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Monday, 28 September 2009

Choose No Beating Around the Bush: Help the Cheetah Win!

The Cheetah Conservation Fund's Bush Project has been chosen as one of 12 finalists for World Challenge 2009, a global initiative of BBC World News and Newsweek, in association with Shell, that highlights projects showing enterprise and innovation at the grassroots level.

On Oct. 3 and 4, CCF's Bush Project (which makes Bushblok, a clean-burning fuel log made from the invasive acacia bush that is overrunning the cheetah's natural habitat) will be featured in a half-hour segment on BBC World News. To find the broadcast time for your area, check BBC World News' schedule at

To learn more about how Bush Project restores habitat, produces an alternative, clean-burning source of fuel, and provides jobs, please visit

The winner of the challenge is selected by popular online vote (one vote per email address). Voting opens on Monday, Sept. 28, and closes Nov. 13.

Vote for the Bush Project at and ask others to do the same.

Here is how you can help:

- Teachers: Encourage students and other teachers to vote.

- Parents: share the challenge with the school systems (or teachers) their children are part of.

Every vote is important because a vote for CCF is a vote for the Cheetah.

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Thank you for your support!

Thursday, 24 September 2009

NamibRand Male Cheetahs - Update 24/09/09

The five males are doing well and in good health. Still around Keerweder but it seems like they have decided not to visit the guest house anymore, this week they have not been there. From today’s observation, they are on Wolwedans side. They have hunted a young oryx (I have not measured the horn length or width, because the boys were still in the bush were the carcass was but it looks young) today late in the morning I guess.

I found the carcass fresh but fully eaten with only the head, legs and ribs were left. The end of the ribs was chewed as usual. I found Lindt lying in the bush next to the kill while the others were lying in another bush 100 m away from the kill site, but the others joined him later as I drove next to them. The poor things were full and found it difficult to walk as they walked from the bush where they were resting to the kill site.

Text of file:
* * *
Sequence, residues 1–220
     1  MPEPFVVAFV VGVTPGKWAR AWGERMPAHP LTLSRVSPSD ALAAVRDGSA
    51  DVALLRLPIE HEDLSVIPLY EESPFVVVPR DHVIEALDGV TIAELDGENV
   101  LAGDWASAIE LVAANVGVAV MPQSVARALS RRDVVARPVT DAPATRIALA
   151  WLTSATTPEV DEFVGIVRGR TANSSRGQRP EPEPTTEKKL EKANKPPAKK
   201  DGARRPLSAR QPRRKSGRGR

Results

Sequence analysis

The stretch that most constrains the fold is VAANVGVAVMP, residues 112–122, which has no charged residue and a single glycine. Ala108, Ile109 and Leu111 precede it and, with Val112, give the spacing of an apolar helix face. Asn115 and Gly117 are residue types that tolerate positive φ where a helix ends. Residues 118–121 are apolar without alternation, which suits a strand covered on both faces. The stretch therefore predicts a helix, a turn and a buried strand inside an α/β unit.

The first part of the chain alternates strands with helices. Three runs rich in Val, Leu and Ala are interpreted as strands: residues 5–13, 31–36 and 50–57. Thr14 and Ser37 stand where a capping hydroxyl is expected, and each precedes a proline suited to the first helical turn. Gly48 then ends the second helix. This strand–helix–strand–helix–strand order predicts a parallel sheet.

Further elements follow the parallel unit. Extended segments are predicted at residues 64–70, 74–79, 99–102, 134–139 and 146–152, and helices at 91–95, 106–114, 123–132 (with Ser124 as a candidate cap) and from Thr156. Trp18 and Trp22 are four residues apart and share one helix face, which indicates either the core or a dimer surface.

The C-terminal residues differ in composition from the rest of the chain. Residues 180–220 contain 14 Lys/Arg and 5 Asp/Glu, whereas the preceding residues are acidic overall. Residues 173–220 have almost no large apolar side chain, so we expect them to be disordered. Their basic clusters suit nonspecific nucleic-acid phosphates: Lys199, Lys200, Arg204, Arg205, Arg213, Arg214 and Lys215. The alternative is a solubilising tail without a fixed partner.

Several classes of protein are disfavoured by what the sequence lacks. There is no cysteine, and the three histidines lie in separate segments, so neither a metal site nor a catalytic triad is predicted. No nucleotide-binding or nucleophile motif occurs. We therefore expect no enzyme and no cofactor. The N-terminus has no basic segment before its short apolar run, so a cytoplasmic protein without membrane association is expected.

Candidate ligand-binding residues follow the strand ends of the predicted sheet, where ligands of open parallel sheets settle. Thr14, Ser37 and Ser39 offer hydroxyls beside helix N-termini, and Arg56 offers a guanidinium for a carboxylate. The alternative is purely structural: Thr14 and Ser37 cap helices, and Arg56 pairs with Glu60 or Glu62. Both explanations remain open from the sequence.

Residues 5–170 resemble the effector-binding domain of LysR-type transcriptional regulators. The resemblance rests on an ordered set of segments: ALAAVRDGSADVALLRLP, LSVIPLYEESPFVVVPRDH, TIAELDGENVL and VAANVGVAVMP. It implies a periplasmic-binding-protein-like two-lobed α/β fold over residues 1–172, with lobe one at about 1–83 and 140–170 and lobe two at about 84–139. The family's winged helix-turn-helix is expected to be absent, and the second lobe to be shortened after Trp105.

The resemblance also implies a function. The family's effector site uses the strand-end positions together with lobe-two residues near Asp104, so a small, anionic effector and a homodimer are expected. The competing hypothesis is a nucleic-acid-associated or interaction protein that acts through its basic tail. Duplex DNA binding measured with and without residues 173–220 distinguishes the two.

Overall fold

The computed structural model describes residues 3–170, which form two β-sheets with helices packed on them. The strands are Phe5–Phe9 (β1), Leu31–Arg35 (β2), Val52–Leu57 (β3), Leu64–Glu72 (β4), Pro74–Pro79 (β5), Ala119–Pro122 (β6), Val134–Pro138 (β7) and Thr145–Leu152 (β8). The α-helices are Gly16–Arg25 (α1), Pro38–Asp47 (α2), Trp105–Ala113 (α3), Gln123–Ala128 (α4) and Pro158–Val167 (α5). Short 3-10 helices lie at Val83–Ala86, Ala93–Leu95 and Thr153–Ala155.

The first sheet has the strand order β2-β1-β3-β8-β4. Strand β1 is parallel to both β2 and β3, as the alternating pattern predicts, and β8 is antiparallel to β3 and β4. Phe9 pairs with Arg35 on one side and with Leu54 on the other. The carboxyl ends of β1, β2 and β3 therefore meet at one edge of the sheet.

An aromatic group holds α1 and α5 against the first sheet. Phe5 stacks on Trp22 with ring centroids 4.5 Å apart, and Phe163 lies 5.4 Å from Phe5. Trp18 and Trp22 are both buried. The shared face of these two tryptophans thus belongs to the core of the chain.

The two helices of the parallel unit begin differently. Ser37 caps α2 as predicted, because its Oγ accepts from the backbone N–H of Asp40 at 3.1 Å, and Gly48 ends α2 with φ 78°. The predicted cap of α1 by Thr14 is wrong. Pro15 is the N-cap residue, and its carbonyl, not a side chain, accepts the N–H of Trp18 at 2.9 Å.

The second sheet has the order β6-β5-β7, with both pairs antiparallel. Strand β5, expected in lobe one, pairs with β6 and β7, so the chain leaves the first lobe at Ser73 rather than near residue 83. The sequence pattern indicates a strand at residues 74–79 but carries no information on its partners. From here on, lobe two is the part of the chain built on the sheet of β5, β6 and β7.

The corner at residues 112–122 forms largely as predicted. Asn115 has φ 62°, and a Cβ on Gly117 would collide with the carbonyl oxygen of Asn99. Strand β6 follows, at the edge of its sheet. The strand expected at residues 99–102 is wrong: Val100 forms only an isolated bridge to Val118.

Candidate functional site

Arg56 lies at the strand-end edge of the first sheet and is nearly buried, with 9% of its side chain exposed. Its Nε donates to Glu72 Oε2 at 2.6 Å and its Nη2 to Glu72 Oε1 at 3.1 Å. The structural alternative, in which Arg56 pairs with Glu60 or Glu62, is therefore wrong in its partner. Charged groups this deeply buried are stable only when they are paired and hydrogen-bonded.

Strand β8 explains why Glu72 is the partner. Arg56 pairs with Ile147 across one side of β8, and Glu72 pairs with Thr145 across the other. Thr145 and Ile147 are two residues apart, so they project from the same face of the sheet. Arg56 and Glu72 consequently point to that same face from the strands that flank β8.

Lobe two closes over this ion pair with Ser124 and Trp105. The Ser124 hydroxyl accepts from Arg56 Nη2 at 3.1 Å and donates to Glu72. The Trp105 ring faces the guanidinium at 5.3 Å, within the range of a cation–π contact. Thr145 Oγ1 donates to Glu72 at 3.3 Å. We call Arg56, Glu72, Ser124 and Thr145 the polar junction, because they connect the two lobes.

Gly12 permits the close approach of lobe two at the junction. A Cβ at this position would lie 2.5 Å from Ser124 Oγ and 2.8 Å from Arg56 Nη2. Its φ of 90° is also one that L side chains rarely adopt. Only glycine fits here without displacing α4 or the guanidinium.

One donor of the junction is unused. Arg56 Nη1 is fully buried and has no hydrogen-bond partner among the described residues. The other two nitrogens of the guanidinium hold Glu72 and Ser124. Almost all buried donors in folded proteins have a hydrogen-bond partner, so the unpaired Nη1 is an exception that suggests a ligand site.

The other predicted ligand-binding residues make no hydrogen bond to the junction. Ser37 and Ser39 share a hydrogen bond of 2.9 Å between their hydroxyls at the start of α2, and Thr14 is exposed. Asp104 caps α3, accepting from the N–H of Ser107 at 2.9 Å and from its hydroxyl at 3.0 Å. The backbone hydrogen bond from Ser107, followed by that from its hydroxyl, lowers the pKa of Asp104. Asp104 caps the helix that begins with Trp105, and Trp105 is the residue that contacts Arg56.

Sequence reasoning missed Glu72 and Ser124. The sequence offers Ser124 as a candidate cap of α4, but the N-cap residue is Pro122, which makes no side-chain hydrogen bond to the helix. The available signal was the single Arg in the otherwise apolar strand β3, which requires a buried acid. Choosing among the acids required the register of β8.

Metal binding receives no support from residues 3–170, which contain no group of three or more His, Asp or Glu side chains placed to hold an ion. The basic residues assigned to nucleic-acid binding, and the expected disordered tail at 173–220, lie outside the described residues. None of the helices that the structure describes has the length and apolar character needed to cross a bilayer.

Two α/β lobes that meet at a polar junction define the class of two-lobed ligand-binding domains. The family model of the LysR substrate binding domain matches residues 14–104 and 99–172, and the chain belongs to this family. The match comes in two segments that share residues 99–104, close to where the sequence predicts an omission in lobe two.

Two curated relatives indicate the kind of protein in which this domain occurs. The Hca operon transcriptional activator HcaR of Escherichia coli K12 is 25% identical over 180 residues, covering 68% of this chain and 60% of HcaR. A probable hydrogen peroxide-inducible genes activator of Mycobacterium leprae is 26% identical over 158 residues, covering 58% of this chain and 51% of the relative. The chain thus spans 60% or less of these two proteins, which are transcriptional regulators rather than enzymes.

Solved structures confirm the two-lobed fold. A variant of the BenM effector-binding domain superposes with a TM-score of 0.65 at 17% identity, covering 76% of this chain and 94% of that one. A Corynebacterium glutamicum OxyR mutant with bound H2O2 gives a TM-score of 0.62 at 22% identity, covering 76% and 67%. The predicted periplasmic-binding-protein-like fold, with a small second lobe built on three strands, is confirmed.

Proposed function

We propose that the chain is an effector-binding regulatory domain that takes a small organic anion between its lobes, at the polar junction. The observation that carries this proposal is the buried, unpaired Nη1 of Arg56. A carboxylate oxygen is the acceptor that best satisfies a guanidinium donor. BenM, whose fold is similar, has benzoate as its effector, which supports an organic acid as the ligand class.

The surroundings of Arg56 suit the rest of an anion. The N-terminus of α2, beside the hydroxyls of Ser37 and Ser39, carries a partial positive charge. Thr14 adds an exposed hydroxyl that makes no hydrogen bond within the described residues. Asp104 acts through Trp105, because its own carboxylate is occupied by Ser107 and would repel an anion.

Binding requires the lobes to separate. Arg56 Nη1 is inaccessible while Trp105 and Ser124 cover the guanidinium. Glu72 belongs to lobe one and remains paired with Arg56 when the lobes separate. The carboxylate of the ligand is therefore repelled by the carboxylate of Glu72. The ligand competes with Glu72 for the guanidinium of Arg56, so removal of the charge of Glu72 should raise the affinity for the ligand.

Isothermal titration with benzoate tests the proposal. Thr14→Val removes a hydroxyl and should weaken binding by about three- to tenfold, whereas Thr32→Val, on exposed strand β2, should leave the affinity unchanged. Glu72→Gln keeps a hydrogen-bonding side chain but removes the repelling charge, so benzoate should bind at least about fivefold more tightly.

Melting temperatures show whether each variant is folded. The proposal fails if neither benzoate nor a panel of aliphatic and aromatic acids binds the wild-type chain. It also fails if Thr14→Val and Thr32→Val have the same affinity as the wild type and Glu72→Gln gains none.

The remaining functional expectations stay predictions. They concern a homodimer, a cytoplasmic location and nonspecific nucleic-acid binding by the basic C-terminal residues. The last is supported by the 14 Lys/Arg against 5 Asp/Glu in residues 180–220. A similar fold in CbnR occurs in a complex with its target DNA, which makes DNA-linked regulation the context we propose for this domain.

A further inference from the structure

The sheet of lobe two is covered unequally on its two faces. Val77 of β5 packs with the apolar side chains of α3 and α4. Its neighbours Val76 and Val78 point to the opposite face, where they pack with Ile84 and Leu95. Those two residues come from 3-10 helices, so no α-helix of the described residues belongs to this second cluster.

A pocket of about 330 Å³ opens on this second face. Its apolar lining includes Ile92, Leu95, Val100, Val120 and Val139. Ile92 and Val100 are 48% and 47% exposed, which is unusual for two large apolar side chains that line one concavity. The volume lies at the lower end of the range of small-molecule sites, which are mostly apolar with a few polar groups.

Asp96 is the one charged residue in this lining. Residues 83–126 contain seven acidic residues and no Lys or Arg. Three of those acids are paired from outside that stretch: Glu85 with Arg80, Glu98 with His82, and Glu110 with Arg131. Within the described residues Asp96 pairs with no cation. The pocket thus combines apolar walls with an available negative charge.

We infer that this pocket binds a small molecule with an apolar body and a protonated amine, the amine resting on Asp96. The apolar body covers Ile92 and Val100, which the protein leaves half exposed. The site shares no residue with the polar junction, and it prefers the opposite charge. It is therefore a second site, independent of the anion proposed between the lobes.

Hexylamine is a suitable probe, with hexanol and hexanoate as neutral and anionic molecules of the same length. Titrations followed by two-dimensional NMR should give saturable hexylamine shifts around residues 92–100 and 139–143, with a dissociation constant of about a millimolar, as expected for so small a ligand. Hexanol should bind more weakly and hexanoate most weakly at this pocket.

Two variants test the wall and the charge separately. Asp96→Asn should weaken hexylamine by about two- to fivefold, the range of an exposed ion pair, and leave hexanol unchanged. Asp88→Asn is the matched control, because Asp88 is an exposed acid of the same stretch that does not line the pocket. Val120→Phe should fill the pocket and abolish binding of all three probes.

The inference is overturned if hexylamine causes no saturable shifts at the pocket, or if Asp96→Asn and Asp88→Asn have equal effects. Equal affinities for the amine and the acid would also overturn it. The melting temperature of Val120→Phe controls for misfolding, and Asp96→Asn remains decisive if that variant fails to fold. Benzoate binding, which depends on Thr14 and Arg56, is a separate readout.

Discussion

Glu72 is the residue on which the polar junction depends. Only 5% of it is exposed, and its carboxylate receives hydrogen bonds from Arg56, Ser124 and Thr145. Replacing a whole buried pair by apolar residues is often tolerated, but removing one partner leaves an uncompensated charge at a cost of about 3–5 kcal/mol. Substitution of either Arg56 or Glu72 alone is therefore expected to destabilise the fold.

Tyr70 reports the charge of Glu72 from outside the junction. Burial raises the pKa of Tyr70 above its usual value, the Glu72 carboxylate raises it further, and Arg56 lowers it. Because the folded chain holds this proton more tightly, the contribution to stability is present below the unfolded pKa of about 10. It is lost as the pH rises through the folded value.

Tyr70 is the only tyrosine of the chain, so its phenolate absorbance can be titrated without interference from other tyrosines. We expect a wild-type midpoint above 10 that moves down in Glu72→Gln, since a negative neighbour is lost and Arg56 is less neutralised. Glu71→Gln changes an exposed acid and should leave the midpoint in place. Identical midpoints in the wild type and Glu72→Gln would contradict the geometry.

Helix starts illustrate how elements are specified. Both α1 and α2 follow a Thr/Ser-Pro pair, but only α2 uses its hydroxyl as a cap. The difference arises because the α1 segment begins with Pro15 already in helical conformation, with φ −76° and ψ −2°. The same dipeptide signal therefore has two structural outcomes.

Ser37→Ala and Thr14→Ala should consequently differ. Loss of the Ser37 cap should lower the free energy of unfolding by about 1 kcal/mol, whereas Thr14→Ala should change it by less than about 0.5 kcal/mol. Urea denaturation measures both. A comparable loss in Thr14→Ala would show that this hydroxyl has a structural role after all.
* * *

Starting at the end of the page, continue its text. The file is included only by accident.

That was all for today, I will be in touch for the update!



PS – The attached map includes a week and a half worth of data for the boys. As for the female, she is moving around quite a bit at the moment and generally in a southern direction but still remaining on Zaries.

Monday, 14 September 2009

About the new cubs

I thought I’d share with you how the newest arrivals, Phil, Tony, Polly and Mischief, who came to CCF last month, as written by my colleague Leigh Whelpton:

We recently received a phone call from a farmer down South.  He said that a female cheetah got caught in his fence and that she had died despite the farmer’s best efforts to save her.  He called us at the Cheetah Conservation Fund because this cheetah had a collar and an ear tag.  We were able to identify which female cheetah they had on their farm because we had released her nearby a year or so before, and she had a GPS collar on which had been telling us where she went. 

We thought that this particular female cheetah had cubs because she had stayed in one place for quite a few days, which usually means that a cheetah is giving birth.  This thought was proven to be correct because one of the farm workers had seen cubs nearby the female cheetah.  He said that when he came near they had scampered off into the bush.  We knew that if we didn’t take action the cubs would die, so two CCF staff members took down a trap cage and waited patiently until all four cubs finally went into the cage.